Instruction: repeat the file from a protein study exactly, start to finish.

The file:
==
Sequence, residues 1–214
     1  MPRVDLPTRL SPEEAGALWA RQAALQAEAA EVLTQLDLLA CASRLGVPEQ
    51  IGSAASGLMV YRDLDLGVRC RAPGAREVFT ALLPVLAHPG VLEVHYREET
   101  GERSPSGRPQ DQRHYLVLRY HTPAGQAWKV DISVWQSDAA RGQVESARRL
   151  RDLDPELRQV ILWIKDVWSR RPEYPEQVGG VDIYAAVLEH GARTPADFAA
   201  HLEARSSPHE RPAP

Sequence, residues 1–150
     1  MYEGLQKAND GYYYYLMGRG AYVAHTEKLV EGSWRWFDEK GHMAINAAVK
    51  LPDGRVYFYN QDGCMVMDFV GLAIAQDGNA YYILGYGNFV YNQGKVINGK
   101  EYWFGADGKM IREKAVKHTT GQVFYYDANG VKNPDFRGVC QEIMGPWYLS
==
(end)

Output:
Sequence, residues 1–214
     1  MPRVDLPTRL SPEEAGALWA RQAALQAEAA EVLTQLDLLA CASRLGVPEQ
    51  IGSAASGLMV YRDLDLGVRC RAPGAREVFT ALLPVLAHPG VLEVHYREET
   101  GERSPSGRPQ DQRHYLVLRY HTPAGQAWKV DISVWQSDAA RGQVESARRL
   151  RDLDPELRQV ILWIKDVWSR RPEYPEQVGG VDIYAAVLEH GARTPADFAA
   201  HLEARSSPHE RPAP

Sequence, residues 1–150
     1  MYEGLQKAND GYYYYLMGRG AYVAHTEKLV EGSWRWFDEK GHMAINAAVK
    51  LPDGRVYFYN QDGCMVMDFV GLAIAQDGNA YYILGYGNFV YNQGKVINGK
   101  EYWFGADGKM IREKAVKHTT GQVFYYDANG VKNPDFRGVC QEIMGPWYLS